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Review: Vanessa Kirby stars in ‘Italian Studies,’ a free-flowing lesson in self-discovery

A young woman in profile in the movie "Italian Studies."
Vanessa Kirby in the movie “Italian Studies.”
(Magnolia Pictures)

The Times is committed to reviewing theatrical film releases during the COVID-19 pandemic. Because moviegoing carries risks during this time, we remind readers to follow health and safety guidelines as outlined by the Centers for Disease Control and Prevention and local health officials.

Alina (Vanessa Kirby) enters the warm embrace of a party on the arm of her dashing husband. A young woman watches her carefully from the corner, and later, when Alina bums a cigarette, she’ll ask Alina, “do you remember me?” Alina doesn’t. It’s the first of many lapses in memory that mark the elliptical, lyrical “Italian Studies,” written and directed by Adam Leon.

“Was it when I lost my dog?” Alina asks, and out of the fog of memory, a flashback crystallizes. The narrative gives way to another time in another place: New York City. Alina walks her dog to a hardware store, and when she’s inside, a great cacophony of clanking and voices in her head swirls into a disorienting blur. She wanders outside in a daze, forgetting the dog, forgetting who she is and where she’s supposed to be. Her sudden onset of amnesia renders the already chaotic jumble of people on the streets of Manhattan even more intimidating.

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Leon’s film is an exercise in crafting a subjective cityscape. Wandering the streets, Alina is a blank slate, rebuilding herself from context clues and in relationship to the people around her. It poses the question: what would this city be like if you suddenly had no knowledge of yourself, no memories, no purpose, no place to go?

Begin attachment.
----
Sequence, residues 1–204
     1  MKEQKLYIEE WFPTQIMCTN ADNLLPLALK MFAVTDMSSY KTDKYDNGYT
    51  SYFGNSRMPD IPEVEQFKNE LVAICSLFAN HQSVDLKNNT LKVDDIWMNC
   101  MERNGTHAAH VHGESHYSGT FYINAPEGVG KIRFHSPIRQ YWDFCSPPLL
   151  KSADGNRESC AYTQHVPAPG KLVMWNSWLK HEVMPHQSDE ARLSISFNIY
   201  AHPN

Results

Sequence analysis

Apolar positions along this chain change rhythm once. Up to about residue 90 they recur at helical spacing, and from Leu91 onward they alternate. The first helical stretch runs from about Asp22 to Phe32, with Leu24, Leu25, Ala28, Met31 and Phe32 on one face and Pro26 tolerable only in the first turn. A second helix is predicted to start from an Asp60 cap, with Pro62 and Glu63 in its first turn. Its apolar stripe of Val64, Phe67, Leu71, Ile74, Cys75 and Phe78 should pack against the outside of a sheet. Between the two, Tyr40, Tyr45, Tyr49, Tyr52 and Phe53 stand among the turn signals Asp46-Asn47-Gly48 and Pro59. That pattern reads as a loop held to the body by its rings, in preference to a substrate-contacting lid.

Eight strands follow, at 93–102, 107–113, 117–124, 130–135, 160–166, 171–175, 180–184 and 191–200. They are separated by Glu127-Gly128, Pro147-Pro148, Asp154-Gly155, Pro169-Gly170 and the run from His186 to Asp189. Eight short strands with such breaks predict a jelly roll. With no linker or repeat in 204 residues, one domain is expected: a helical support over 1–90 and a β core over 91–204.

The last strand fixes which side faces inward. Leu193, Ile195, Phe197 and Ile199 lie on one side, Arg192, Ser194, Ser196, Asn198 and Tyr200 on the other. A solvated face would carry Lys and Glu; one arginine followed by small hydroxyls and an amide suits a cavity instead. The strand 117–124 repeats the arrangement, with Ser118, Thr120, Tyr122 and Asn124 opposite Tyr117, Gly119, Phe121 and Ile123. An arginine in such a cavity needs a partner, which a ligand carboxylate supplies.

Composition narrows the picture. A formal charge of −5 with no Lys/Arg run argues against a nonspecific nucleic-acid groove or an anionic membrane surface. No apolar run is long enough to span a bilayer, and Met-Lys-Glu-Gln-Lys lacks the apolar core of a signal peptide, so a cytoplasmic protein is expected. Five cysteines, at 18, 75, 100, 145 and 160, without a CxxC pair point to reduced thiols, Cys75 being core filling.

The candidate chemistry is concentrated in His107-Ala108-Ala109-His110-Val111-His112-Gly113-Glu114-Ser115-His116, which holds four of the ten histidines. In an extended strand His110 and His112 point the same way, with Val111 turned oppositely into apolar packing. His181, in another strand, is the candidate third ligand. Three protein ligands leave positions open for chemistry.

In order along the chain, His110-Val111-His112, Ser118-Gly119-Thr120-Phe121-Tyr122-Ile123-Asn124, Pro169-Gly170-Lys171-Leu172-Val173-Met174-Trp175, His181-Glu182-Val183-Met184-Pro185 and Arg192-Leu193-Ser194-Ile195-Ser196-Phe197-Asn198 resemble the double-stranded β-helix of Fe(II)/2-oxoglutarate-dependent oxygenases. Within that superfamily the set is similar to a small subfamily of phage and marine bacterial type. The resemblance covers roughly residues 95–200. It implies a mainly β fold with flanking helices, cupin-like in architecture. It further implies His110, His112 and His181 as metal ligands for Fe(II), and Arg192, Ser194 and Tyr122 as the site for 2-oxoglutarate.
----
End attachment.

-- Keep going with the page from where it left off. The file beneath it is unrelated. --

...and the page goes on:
Images of a gaggle of cool teens pop up throughout her journey through the city. They seem to be walking the streets aimlessly, and Alina falls in with them after connecting with a funny, loquacious kid named Simon (Simon Brickner) at a Gray’s Papaya hot dog stand. She easily attaches herself to this loosely knit group for house parties, open mics, meals and safety.

Interspersed throughout are documentary-style interviews with the kids, where they muse on first loves, popularity, the way they are figuring themselves out, as well as who they are in relationship to others. Occupying that liminal space between childhood and adulthood, they are soft, clay-like, open to new experiences and people, which makes the newly guileless Alina more like them than she is anyone else.

The fluid, experimental nature of youth is juxtaposed with the rigidity of adulthood in an interaction between Alina and an older man at a library. Having been recognized on the street by a fan, Alina discovers she’s a writer with a short story collection titled “Italian Studies.” Reading the book at a library, she impulsively signs it, imprinting herself on this work. The man scolds her for writing in a library book, and Alina balks at his bossiness, this enforcement of this rule, especially when she’s doing no harm. It’s no wonder she seeks emotional shelter with Simon and his friends.

“Italian Studies” is a unique curio of a film, a free sketch of time and place melting into a singular subjective experience that asks “does memory matter?” Perhaps, it does not. Maybe forgetting who we are for a moment is a portal to our own liberation. But it seems more apt to say that it’s the remembering of who we were before we became so set in our own personas that’s the key to getting back to ourselves.

Katie Walsh is a Tribune News Service film critic.

‘Italian Studies’

Not rated

Running Time: 1 hour 18 minutes

Playing: Starts Jan. 14 in limited release; also available on VOD


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